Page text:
On the first of June, local tech startup EvolveHQ abruptly announced that operations were ending, citing numerous factors in the decision to quit their decade long pursuit to change the landscape of desktop gaming tools.
Company cofounder Adam Sellke took to their blog with candor on June 1:
“Lack of a viable business model; Investor funding to build viable alternatives (HQ 2.0 and Arenas); Failed acquisition; Stiff competition,” he said of the decision at the time.
Even though PC-gaming platforms were starting to come back around — we saw Amazon buy Twitch and Microsoft move on Minecraft, Evolve couldn’t find its footing after all those years in the mix. These were big deals that proved there still was a market for desktop/PC gaming in the new eras of mobile and social which were sweeping the world with their simplicity and speed of distribution. Evolve was chugging along, with $2.7m in funding and 3m users on their platform, it just wasn’t enough to find the necessary stride of scale, despite the persistence of Sellke and team over the decade.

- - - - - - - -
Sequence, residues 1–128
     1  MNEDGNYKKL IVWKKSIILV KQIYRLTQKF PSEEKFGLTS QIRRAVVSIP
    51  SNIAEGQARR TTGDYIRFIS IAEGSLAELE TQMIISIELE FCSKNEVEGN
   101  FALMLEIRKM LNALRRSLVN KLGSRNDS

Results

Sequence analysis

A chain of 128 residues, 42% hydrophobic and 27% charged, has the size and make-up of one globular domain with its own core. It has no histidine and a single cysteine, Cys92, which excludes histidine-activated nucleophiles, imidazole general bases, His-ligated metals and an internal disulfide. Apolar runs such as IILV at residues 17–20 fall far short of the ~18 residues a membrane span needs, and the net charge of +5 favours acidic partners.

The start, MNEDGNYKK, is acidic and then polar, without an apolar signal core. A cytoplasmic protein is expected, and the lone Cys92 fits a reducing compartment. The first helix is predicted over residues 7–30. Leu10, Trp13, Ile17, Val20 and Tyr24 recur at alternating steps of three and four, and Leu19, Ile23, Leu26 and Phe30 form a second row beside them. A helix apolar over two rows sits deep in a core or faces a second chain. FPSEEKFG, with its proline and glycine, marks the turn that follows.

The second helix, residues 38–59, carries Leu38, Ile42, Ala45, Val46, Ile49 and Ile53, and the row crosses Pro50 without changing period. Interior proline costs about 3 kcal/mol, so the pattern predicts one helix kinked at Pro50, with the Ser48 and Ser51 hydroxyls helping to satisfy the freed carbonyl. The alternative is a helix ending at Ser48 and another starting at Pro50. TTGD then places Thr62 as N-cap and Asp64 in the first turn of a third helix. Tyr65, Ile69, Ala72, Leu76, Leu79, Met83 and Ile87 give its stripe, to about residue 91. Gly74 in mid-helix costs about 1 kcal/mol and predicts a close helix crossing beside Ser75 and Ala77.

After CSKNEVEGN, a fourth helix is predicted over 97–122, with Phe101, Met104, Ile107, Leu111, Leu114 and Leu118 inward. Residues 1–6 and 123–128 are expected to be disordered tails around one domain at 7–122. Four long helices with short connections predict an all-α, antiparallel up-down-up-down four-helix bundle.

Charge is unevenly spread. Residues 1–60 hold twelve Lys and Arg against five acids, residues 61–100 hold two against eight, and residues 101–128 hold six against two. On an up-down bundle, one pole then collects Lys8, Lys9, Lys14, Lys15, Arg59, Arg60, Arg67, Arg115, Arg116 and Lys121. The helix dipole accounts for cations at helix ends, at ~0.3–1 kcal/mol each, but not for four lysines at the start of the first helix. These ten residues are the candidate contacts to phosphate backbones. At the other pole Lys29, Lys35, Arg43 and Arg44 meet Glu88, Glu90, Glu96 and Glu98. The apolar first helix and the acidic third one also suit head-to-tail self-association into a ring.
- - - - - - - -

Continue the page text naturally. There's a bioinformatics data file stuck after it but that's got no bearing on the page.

“Immediately after our announcement, we starting receiving all sorts of interest in things…acquisitions, partnerships, it was like opportunities came out of the woodwork,” he explains of the circumstances.
“One of those conversations led to a term sheet that we have since executed on and funds are wired. I can’t say who it is right now or anything further about that, other than yes, we are back in business.”
Sounds like that’s where things are at right now and their first priority is to get the platform up and running again so that active users can get back online and using their tools to track and play with friends using multiplayer matchmaking functionality, the core of EvolveHQ.
“We’re going support our community and develop a new path forward in partnership with our benefactor.”
He noted that the new deal does not include any IP from their e-sports blackflag product line.